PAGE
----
Sunday 4 November 2007

The London Warner/Pappano Ring: Götterdämmerung

Götterdämmerung. Royal Opera House, Covent Garden. November 2nd, 2007. Production: Keith Warner. Cast: John Treleaven (Siegfried), Lisa Gasteen (Brünnhilde), Kurt Rydl (Hagen), Peter Coleman-Wright (Gunther), Emily Magee (Gutrune), Mihoko Fujimura (Waltraute), Peter Sidhorn (Alberich). Conductor: Antonio Pappano.

Somewhat surprisingly, Keith Warner doesn´t seem to tie the loose ends together in this Götterdämmerung. In the array of directors, from whom Keith Warner seems to have been inspired, Tankred Dorst of the recent Bayreuth Ring may now be added as their Götterdämmerungs looked remarkably similar on several points, such as presenting a Gibichungen Hall with a large white sofa and golden statues of the old norse, which are set on fire at the end with modern-clad people as spectators.
The white door wall from both Walküre and Siegfried serves as backdrop for the Norns as well as a suspended floor for several of the Gibichungen scenes. Perhaps not a particularly original concept from Warner, but neither a boring one.

Since it´s quite obvious that John Treleaven gives everything he has as Siegfried, I´ll cut him some slack and refer to the Siegfried post for further details. And while Lisa Gasteen displayed a beautiful steady voice (top-notes apart) in large parts of the opera, the chemistry between her and Siegfried simply was not there.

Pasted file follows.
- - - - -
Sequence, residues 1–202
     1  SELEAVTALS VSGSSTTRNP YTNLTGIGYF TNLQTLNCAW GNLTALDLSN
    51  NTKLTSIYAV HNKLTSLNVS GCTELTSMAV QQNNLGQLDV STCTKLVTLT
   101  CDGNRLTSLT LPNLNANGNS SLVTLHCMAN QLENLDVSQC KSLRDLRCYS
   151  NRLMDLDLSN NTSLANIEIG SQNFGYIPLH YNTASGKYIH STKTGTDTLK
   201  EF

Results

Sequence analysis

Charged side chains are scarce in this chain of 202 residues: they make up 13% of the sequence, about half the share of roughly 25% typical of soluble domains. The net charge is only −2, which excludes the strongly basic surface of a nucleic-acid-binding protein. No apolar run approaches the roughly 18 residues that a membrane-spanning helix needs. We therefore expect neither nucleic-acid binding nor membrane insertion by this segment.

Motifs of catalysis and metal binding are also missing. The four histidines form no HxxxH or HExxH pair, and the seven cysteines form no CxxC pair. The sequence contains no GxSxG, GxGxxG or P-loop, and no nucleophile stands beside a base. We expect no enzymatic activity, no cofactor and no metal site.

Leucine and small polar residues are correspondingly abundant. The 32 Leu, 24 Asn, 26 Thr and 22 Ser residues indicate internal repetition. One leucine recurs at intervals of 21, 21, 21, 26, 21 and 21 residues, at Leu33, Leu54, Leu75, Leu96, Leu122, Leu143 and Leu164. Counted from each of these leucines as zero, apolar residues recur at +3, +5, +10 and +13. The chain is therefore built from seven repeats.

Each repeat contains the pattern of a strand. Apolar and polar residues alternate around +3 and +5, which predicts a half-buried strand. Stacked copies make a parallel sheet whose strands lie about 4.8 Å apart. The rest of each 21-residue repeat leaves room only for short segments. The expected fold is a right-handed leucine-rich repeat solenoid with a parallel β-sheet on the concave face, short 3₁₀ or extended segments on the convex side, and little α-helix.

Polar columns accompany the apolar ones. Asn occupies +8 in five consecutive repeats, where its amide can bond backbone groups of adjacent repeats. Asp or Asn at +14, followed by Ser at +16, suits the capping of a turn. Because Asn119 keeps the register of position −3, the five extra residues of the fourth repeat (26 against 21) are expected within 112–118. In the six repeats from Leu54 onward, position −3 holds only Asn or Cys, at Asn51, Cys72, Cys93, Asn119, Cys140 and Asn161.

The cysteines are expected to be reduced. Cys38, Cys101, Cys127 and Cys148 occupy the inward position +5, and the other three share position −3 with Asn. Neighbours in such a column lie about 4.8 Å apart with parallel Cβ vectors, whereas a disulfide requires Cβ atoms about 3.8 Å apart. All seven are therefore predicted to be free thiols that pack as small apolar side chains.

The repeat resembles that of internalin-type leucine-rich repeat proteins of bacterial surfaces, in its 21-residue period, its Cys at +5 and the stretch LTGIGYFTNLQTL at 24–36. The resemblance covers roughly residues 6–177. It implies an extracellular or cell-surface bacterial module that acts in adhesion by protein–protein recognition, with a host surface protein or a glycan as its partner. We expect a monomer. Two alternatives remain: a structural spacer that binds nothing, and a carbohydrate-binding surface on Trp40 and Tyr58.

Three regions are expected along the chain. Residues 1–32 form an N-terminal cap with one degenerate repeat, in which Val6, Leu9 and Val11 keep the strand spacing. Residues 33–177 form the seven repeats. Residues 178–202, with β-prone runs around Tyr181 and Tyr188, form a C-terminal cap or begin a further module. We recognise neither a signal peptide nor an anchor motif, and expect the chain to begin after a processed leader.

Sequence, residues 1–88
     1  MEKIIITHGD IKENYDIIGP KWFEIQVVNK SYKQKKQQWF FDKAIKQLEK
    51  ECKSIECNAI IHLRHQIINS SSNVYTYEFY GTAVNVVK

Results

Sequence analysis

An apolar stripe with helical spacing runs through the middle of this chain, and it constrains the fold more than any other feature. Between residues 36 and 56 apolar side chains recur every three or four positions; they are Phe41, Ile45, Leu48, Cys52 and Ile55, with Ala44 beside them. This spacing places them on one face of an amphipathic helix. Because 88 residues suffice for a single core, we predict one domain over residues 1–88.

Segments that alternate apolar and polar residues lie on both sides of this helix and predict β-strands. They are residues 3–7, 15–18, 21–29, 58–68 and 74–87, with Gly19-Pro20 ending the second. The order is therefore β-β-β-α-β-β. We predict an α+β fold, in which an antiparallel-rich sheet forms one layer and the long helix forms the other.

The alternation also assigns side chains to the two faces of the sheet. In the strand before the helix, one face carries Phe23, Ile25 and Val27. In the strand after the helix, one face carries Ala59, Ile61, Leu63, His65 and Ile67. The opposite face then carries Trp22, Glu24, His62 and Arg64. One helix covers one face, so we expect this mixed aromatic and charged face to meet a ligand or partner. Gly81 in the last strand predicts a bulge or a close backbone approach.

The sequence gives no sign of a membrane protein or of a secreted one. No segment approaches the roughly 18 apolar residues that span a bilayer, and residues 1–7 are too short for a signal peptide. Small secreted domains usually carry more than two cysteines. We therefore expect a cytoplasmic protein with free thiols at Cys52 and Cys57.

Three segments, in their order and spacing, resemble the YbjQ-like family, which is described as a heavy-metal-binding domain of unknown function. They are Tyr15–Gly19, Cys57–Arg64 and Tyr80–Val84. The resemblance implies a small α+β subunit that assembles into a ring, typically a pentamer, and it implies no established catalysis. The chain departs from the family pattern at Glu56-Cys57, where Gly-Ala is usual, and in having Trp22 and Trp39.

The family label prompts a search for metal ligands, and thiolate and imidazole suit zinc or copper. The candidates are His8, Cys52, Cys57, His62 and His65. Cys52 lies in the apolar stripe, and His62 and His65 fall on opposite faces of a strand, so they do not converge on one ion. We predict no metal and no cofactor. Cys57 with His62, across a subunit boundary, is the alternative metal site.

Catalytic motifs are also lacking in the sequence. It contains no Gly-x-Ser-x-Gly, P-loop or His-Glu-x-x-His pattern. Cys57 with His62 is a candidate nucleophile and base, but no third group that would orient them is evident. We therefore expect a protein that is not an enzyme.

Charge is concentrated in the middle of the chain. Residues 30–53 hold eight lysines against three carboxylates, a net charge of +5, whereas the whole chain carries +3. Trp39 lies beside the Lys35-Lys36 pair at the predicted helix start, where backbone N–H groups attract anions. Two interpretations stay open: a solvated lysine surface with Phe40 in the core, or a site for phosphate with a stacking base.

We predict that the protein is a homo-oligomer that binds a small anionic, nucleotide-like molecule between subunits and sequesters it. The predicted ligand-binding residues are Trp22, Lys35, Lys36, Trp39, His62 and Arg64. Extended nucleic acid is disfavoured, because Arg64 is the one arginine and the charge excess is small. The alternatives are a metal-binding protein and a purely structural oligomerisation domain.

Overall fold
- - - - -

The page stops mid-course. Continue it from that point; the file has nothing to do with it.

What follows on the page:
What worked, in fact, was the three Gibichungen: Peter Coleman-Wright as probably the best Gunther I have seen on stage. Emily Magee as a superbly acted Gutrune, who unfortunately often was off-pitch. And Kurt Rydl as an exceptionally fine Hagen: Superb acting and steady voice. He obviously had a very good evening and clearly the best individual performance of the evening. Extraordinarily beautiful singing was delivered by Mihoko Fujimura, though virtually devoid of drama. The Norns were fine, included rising-star Marina Poplavskaya, as was the chorus.

Antonio Pappano
continued his brisk, light-headed conducting, which somehow didn´t quite come out as well here as in the other installments, though the majority of the audience seemed to disagree with me based on the endless cheering. Standing ovations from the entire auditorium, however, was reserved for Sir John Tomlinson, who joined in at the curtain calls wearing a suit.

1 comment:

Anonymous said...

I especially loved Antonio Pappano's conducting!
There's a link to my reviews here.

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